Debt Relief: Research Reports

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Credit Management

For those who need assitance managing their credit there are a variety of choices and options out there. In an article by Hispanic magazine, financial author Julie Stav explains what a FICO score is, how credit bureaus calculate it, and steps on ways to improve your score. An article by U.S. News and World Report states the following steps to keep this score manageable:

1.) Pay bills on time.

2.) Pay down debt.

3.) Maintain long-term credit relationships.

4.) Do not apply for too many loans.

A great self-help guide to consider is Repair Your Own Credit which instructs debtors how to repair their credit and how to reestablish credit. It also lists organizations that will either give people free assistance or charge a very low cost to help someone stay out of debt. In NEA Today, they also refer to some credit management agencies such as Equifax as well as warn people about credit repair clinic rip-offs saying they do not do anything that you cannot do yourself. The counselors at Credit Union Magazine suggest that bankruptcy be the last resort in certain circumstances.

Debt Consolidation

When the topic of debt management and relief comes up, consolidation is usually one of the words that follows. Many experts agree that debt consolidation is a good idea when it seems a person is getting too deep in debt. Three things to consider before deciding on debt consolidation:

  1. Evaluate where you stand with your debts.
  2. Don't wait until you are in over your head.
  3. Be sure to understand how debt consolidation truly works.(Morris, 103)

Numerous experts also agree that a nonprofit company is the best way to go for premium terms. Also, no matter if they are for-profit or nonprofit, one should gain as much information as possible about the company before dealing with them. Futhermore, ensuring the institution you choose works with your creditors. Checking their status with the Better Business Bureau is a great idea. (Brown, 326)However, there are many different opinions on how to go about this. One common opinion is that only school loans should be consolidated, and this is only because of the enormous necessity of a college education. (Orman, 149)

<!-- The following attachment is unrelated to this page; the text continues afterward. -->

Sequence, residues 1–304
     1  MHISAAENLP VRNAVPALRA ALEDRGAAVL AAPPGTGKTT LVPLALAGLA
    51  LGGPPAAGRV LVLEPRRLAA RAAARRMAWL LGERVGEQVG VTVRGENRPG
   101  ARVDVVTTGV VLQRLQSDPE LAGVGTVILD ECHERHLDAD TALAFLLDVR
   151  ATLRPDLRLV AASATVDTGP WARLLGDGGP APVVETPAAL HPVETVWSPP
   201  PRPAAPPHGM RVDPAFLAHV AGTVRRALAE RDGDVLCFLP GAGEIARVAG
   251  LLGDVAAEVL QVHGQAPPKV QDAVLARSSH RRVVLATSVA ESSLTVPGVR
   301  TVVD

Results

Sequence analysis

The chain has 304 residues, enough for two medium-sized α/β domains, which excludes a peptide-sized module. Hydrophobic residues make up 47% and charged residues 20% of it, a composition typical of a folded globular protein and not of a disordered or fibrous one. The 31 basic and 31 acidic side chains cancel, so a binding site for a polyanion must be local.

Collection Agencies

A collection agency is a company that is contacted by the original lender to collect past due and defaulted accounts. (

The Federal Trade Commission states that if you use credit cards, owe money on a personal loan, or are paying on a home mortgage, you are a debtor. If you fall behind in repaying your creditors, you will probably be contacted by a collection agency or a "delinquent debt collector".

Mike Ryan, President of NACM Southeast, wrote an article on "Qualifying Your Collection Agency". You, as an owner in a business have to be careful of what collection agency you choose. You have to ask yourself these questions: What does the agency know about your business? Can you rely on them to handle your accounts honestly, ethically, and effectively? Does the agency understand you may do business with this client again in the future? (Ryan, Mike. 106.8) This is the kind of agency that can legimately collect your money.

The FTC also gives a few tips on a fair debt collection. There is an act that requires that debt collectors treat you fairly and prohibits certain methods of debt collection. This is known as the Fair Debt Collection Practices Act. This does not mean that your debt will just go away. You still have to face this debt head on. This just protects your rights.